Phone: (530) 538-4307
Fax: (530) 538-2539
Oroville Recycling Zone
The California Recycling Market Development Zone is an area that is set aside in a community that designed to attract business that will convert goods from the waste stream into recycled products.
The Recycling Market Zone program combines recycling with economic development to fuel new businesses, expand existing ones, create jobs, and divert waste from landfills.
California’s 30 million residents generate 44 million tons of waste each year. Decreasing landfill capacity has forced communities to reconsider what they do with trash. Recycling has diverted waste from landfills at increasing quantities. As the ability to recycle increases, new markets for recycled materials are being developed. The Recycling Marketing Development Zones are one fundamental step to creating these markets.
The RMDZ program provides attractive loans, technical assistance and free product marketing to zone located businesses that use materials from the waste stream to manufacture their products. The zones cover roughly 71,790 square miles of California from the Oregon border to San Diego.
Frequently Asked Questions
Q: What is “market development” or recyclables?
A: Market development is the creation and development of markets for product made in part from post-consumer waste materials diverted from the waste stream. When these diverted materials are used to produce new products, the products are referred to as recycled-content products.
Q: Why is market development for recyclables important?
A: With a projected population for more than 36 million by year 2000, California’s waste stream is expected to show tremendous growth through the end of the century. In addition, if California cities and counties meet the mandate of a 50 percent reduction in the amount of waste going to landfills and additional 15 million tons or recyclables will be available for reuse or recycling by year 2000.
Q: What other benefits can we foresee from market development of recycles materials?
A: Jobs. An estimated 20,000 jobs could be created in California’s manufacturing sector, another 25,000 jobs in sorting and processing, and tens of thousands more in ancillary jobs.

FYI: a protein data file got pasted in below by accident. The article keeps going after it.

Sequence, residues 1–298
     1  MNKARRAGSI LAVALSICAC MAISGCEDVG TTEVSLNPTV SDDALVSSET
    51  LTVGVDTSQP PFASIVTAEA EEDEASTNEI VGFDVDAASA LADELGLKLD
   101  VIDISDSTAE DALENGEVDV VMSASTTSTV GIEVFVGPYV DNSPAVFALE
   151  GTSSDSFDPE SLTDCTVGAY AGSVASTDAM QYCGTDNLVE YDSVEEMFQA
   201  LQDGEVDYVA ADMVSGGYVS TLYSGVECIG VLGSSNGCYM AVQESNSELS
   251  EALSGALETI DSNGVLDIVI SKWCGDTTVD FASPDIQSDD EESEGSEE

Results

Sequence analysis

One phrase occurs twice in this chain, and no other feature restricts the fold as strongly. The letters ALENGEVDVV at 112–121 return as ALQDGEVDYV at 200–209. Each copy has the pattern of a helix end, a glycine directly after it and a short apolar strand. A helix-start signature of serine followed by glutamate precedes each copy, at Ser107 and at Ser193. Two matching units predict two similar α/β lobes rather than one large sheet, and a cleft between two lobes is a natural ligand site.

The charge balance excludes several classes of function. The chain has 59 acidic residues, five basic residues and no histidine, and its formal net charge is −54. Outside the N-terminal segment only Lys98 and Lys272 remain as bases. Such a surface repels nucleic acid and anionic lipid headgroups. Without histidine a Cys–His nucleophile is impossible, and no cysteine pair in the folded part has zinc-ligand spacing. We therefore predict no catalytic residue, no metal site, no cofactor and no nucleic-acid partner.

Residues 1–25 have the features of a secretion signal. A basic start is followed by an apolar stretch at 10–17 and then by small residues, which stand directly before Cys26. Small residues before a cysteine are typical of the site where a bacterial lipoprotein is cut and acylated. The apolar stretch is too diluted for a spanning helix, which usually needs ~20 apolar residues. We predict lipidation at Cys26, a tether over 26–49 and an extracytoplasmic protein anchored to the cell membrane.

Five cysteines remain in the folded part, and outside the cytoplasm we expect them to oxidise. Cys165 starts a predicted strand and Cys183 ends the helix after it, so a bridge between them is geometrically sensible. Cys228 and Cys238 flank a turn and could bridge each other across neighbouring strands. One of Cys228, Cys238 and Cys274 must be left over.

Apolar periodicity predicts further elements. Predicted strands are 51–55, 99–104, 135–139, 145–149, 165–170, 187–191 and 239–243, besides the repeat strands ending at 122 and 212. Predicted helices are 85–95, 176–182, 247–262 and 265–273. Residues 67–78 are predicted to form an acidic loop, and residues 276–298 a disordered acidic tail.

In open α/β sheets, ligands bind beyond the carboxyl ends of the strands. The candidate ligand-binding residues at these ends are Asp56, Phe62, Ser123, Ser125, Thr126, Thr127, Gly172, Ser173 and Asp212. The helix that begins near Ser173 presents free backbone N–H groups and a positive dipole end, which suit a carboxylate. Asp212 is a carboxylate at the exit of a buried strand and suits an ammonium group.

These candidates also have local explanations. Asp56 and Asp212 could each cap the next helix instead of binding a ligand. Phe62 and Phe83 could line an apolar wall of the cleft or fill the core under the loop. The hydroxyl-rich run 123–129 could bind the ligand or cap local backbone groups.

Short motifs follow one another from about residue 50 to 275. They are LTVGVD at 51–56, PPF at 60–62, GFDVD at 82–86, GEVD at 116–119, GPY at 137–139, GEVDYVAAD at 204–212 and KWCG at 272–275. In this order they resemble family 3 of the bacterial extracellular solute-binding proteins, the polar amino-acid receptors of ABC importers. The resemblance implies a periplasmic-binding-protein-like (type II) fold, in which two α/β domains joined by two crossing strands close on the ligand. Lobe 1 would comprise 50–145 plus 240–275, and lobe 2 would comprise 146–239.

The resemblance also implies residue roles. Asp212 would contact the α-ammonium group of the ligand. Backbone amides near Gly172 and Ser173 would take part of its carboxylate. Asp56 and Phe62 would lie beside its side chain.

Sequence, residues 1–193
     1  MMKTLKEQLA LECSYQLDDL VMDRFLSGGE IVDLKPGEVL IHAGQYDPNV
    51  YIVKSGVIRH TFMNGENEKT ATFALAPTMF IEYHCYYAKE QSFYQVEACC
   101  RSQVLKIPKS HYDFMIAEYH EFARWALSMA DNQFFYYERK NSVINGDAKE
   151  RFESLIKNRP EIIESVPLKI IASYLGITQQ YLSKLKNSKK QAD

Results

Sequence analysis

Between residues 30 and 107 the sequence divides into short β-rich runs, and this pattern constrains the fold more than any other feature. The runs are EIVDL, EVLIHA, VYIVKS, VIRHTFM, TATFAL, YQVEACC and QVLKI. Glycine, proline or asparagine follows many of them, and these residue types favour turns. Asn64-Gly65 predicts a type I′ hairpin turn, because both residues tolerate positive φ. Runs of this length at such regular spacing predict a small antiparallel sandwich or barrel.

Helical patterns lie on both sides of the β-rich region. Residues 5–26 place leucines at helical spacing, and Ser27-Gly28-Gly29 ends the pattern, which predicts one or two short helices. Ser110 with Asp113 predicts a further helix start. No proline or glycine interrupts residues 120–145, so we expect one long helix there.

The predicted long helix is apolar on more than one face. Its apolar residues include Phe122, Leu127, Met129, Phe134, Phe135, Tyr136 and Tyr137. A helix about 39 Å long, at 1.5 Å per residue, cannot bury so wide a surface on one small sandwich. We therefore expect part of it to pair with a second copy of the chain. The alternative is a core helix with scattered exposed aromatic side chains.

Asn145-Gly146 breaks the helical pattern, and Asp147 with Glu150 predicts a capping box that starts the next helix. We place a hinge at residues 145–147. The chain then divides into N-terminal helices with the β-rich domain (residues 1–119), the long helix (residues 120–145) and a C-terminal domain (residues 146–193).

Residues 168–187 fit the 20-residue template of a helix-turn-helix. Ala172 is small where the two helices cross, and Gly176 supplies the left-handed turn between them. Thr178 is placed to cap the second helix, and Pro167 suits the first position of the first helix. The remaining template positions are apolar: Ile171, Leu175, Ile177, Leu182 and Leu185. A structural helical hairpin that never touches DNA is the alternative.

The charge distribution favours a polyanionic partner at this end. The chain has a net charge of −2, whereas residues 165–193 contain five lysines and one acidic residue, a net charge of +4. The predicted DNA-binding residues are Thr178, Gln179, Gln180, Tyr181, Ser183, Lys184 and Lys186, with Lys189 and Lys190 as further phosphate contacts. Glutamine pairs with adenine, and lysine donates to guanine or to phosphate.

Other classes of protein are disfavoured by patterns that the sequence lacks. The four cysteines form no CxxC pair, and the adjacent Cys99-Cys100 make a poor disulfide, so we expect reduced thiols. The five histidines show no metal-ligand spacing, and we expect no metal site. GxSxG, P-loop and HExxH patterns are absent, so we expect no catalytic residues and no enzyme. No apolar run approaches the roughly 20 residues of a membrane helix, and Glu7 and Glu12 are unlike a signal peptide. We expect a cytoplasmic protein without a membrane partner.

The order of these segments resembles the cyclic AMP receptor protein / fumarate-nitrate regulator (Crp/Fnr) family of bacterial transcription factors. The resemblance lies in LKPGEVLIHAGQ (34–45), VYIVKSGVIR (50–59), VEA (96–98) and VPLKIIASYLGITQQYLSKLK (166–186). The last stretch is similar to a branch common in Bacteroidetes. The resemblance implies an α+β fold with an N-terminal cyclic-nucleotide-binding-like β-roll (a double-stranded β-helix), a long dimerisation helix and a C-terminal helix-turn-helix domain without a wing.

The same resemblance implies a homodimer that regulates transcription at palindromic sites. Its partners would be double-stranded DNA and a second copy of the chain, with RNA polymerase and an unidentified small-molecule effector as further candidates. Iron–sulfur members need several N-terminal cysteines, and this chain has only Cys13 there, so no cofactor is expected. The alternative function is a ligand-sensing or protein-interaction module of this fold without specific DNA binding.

Q: Is there a market for recycled materials?
A: Yes, but it fluctuates according to supply and demand and; local, national and international economics. Through it’s policies, regulations, and State law, the California Integrated Waste Management Board is working vigorously to help create greater demand for recyclable materials-from manufacturers as well as consumers.
Q: Are there barriers to developing markets for recycled materials?
A: Board analyses show that barriers include the following:
- Lack of reliable market information
- Lack of consistent supplies of sufficient quality
- High costs in using secondary materials (i.e., supply of materials generally is not matched with demand for those materials at prices that cover collection, transportation, and processing costs).
- Manufacturer and consumer wariness of products made from secondary materials
- Financial barriers (e.g., difficulties businesses face in obtaining long-term credit). The RMDZ Loan Program was designed to address the financial barriers by providing low-cost, long-term financing.
Q: Why is the loan program so important to recycling businesses?
A: Many conventional lenders hesitate to fund recycling-based manufacturing because in their view, it involves unproven technologies. Although the RMDZ loan program requires the same types of security collateral as a conventional lender, familiarity with the industry enables the Board to finance new, yet promising, recycling technologies.
Q: What incentives are local communities providing to businesses?
A: Local communities are encourage to relax or suspend local building codes and zoning laws to eliminate or reduce construction taxes within zones. They are also encouraged to expand infrastructure to serve recycling businesses.
Q: How has the RMDZ program helped other businesses?
A: For examples of what other businesses have done with help from this program, see the business profiles.
Q: Does my business reside in a qualifying area of California?
A: To find out, conduct a search of your address.